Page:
“These latest fights in multidefendant cases highlight the challenges that prosecutors, defense lawyers, and judges have faced from the start in figuring out what to do with thousands of people who participated in a single event but whose guilt or innocence has to be decided on a person-by-person basis. A single case featuring a constantly growing collection of hundreds or thousands of defendants — each of whom brings their own unique set of facts and evidence to the table — is a legal and logistical impossibility,” Zoe Tillman reports for BuzzFeed News.

The latest on covid

Biden administration boosts access to antivirals as covid cases rise

“The Biden administration announced plans Tuesday to nearly double the number of pharmacies that carry antiviral pills to combat covid-19 as many consumers report difficulty finding a doctor to prescribe the medication, or a pharmacy that carries it, when they get sick,” Yasmeen Abutaleb reports.

The Biden agenda

Court prepares to halt Biden plan phasing out border restrictions

“A federal judge in Louisiana said Monday that he intends to block the Biden administration’s plans to wind down the pandemic-era border restrictions known as Title 42, siding with Republican attorneys general who argued that their states are already overwhelmed by soaring numbers of migrants,” Nick Miroff, Marianna Sotomayor, Maria Sacchetti and Seung Min Kim report.

White House adviser Cedric Richmond slated to leave role next month

“White House adviser Cedric L. Richmond, one of President Biden’s closest political allies, is slated to leave his role sometime next month to become a senior adviser at the Democratic National Committee, according to a Biden administration official who spoke on the condition of anonymity to discuss the decision,” Amy B Wang and Tyler Pager report.

Biden weighs adding global food aid to Ukraine funding request

“The Biden administration is weighing swift action to ramp up global food assistance amid rising concern that Russia’s invasion of Ukraine is stoking a hunger crisis in many poorer nations, according to people familiar with the discussions,” Bloomberg's Mike Dorning and Jennifer Jacobs report.

  • “The White House is considering attaching a global food aid request to the military aid package for Ukraine that President Joe Biden is preparing to send to Congress as a means to move the relief quickly.”

Biden just endorsed a guy who’s blocking the Dems’ agenda

“Oregon Rep. Kurt Schrader just picked up a key endorsement as he seeks to fend off a progressive primary challenger: President Joe Biden, the man whose agenda Schrader is helping to stymie in Congress,” Paul Blest reports for Vice News.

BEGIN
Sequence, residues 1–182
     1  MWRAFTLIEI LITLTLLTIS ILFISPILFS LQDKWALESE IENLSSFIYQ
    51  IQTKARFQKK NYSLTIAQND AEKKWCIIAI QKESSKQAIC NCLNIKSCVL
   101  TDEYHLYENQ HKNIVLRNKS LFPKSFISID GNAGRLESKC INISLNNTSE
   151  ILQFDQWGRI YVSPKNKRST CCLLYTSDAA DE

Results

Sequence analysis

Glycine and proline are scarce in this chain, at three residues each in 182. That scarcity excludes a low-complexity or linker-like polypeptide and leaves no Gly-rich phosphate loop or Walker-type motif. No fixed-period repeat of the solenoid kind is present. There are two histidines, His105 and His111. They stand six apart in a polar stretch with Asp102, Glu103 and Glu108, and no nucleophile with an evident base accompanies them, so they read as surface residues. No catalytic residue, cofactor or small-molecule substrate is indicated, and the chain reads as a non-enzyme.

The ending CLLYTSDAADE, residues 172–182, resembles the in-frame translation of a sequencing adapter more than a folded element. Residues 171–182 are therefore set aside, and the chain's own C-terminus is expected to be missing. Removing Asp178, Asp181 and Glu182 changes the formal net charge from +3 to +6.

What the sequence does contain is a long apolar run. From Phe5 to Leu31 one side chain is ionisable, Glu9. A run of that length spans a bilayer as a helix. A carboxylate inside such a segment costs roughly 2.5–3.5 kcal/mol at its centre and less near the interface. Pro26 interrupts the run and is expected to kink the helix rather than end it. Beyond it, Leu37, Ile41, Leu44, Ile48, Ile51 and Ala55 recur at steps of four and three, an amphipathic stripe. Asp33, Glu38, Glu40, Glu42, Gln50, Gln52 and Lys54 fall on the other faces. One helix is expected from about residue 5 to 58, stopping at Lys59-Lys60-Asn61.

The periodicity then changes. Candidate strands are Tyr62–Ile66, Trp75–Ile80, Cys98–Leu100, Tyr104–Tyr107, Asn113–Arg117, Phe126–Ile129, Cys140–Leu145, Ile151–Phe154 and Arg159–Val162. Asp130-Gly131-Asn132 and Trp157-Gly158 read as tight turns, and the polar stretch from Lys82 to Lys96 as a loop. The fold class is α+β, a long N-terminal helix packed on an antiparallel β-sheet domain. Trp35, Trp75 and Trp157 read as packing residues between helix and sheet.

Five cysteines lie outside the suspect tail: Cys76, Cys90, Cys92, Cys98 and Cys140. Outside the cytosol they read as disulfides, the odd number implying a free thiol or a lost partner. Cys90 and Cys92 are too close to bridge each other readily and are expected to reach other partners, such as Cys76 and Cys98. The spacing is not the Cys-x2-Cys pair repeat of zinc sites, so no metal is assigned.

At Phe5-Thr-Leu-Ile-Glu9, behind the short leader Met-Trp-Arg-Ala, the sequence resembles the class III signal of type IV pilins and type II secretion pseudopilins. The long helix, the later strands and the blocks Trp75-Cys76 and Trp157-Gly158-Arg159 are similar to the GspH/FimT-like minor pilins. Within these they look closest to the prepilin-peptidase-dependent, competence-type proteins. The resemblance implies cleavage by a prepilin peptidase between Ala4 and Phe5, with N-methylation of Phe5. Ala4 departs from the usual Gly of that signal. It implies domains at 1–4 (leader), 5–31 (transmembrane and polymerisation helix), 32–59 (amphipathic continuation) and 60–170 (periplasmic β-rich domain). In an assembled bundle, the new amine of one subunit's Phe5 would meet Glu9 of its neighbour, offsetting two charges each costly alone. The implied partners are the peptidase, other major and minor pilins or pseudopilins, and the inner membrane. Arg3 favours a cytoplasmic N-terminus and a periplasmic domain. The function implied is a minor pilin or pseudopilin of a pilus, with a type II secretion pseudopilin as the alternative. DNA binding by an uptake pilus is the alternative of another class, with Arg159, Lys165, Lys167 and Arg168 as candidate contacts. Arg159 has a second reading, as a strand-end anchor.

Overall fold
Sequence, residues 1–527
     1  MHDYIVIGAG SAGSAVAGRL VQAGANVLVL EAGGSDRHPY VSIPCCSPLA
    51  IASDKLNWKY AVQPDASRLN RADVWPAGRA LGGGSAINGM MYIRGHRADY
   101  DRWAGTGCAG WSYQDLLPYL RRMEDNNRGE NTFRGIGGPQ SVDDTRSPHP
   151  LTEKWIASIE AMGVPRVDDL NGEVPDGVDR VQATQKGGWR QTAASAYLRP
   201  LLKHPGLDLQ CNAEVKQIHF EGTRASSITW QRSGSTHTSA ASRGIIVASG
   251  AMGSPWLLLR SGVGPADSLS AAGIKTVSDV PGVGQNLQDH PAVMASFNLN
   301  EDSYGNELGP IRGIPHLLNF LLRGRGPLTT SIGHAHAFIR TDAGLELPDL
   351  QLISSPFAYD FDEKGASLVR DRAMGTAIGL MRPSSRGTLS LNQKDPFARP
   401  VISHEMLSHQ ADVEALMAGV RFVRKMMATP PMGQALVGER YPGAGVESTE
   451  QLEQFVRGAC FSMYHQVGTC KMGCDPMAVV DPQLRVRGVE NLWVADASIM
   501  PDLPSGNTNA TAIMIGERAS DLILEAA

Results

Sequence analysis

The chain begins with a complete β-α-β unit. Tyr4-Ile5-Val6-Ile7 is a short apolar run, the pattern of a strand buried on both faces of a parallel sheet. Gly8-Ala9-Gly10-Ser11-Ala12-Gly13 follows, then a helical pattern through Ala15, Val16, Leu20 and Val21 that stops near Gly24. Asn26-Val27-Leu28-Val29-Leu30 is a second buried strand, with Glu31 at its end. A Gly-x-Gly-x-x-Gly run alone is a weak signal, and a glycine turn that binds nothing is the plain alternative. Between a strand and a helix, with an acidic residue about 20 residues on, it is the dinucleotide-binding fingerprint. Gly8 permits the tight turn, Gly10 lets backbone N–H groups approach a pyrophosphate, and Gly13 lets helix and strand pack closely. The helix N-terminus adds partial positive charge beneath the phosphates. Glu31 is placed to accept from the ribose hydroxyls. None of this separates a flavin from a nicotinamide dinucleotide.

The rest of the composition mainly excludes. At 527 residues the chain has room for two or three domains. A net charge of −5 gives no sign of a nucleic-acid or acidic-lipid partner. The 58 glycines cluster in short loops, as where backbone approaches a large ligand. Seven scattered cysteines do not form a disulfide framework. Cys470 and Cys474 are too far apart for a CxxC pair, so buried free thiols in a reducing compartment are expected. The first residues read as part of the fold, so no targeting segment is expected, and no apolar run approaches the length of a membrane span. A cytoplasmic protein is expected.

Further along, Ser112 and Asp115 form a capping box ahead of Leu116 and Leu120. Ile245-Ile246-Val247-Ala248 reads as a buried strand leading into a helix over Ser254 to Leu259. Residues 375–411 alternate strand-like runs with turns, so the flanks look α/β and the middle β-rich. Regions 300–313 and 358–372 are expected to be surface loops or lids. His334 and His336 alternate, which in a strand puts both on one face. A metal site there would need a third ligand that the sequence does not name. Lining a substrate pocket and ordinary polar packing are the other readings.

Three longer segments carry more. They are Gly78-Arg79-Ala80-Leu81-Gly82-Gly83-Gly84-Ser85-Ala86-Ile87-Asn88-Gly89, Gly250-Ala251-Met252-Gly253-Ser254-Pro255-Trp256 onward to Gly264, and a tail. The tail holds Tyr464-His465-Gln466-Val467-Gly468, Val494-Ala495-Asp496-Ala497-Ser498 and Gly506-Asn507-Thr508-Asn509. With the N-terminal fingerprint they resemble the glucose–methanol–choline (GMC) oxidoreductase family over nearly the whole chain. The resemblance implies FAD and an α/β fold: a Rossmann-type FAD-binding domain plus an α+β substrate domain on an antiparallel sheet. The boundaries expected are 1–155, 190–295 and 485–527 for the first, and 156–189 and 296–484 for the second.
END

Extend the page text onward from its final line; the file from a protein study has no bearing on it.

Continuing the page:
“Schrader, a conservative Democrat who’s served in Congress since 2009, has come under increasing criticism from the left over the past few years for opposing much of Biden’s legislative plans.”

Social media users, visualized

“Twitter is hardly the most successful — or even the most influential — social media platform in the marketplace. TikTok has more than 600 million monthly users and is growing exponentially as the platform chosen by young people, according to estimates from Insider Intelligence.” Our colleagues explain why Elon Musk bought it anyway.

Hot on the left

Fossil fuel allies in Congress stand with embattled Rep. Henry Cuellar

“Although the Democrats in control of Congress and the White House haven’t taken strong action to address climate change, they usually shy away from aligning themselves openly with the fossil fuel industry whose carbon emissions are the primary factor behind the crisis that threatens the future of civilization as we know it. But there is still a small contingent of the party who are proud to stand with the industry—mostly representatives from heavy fossil fuel-producing states—and right now one of their most senior members is at risk of being ousted by an environmentalist,Donald Shaw writes for the American Prospect.

Hot on the right

Newsweek says that President Biden recognized a genocide, only to allow another one to continue

“By officially acknowledging the Armenian genocide, President Biden fulfilled his campaign promise to hold Turkey responsible for its role in the mass killings of more than 1.5 million Armenians alongside Assyrians and Greeks during the last days of the Ottoman Empire,” Stephan Pechdimaldji writes for Newsweek

“While Armenian Americans welcomed this historic and long overdue statement, the spirit of its intent was short-lived as President Biden made a decision before the ink was even dry that has had widespread implications that is costing Armenian lives. He waived Section 907 of the Freedom Support Act that bans foreign aid to Azerbaijan days after recognizing the Armenian genocide, which was a harbinger of things to come.”

Today in Washington

The president does not have any public events scheduled this afternoon.

In closing

Late night takes on Musk’s newest venture

Thanks for reading. See you tomorrow.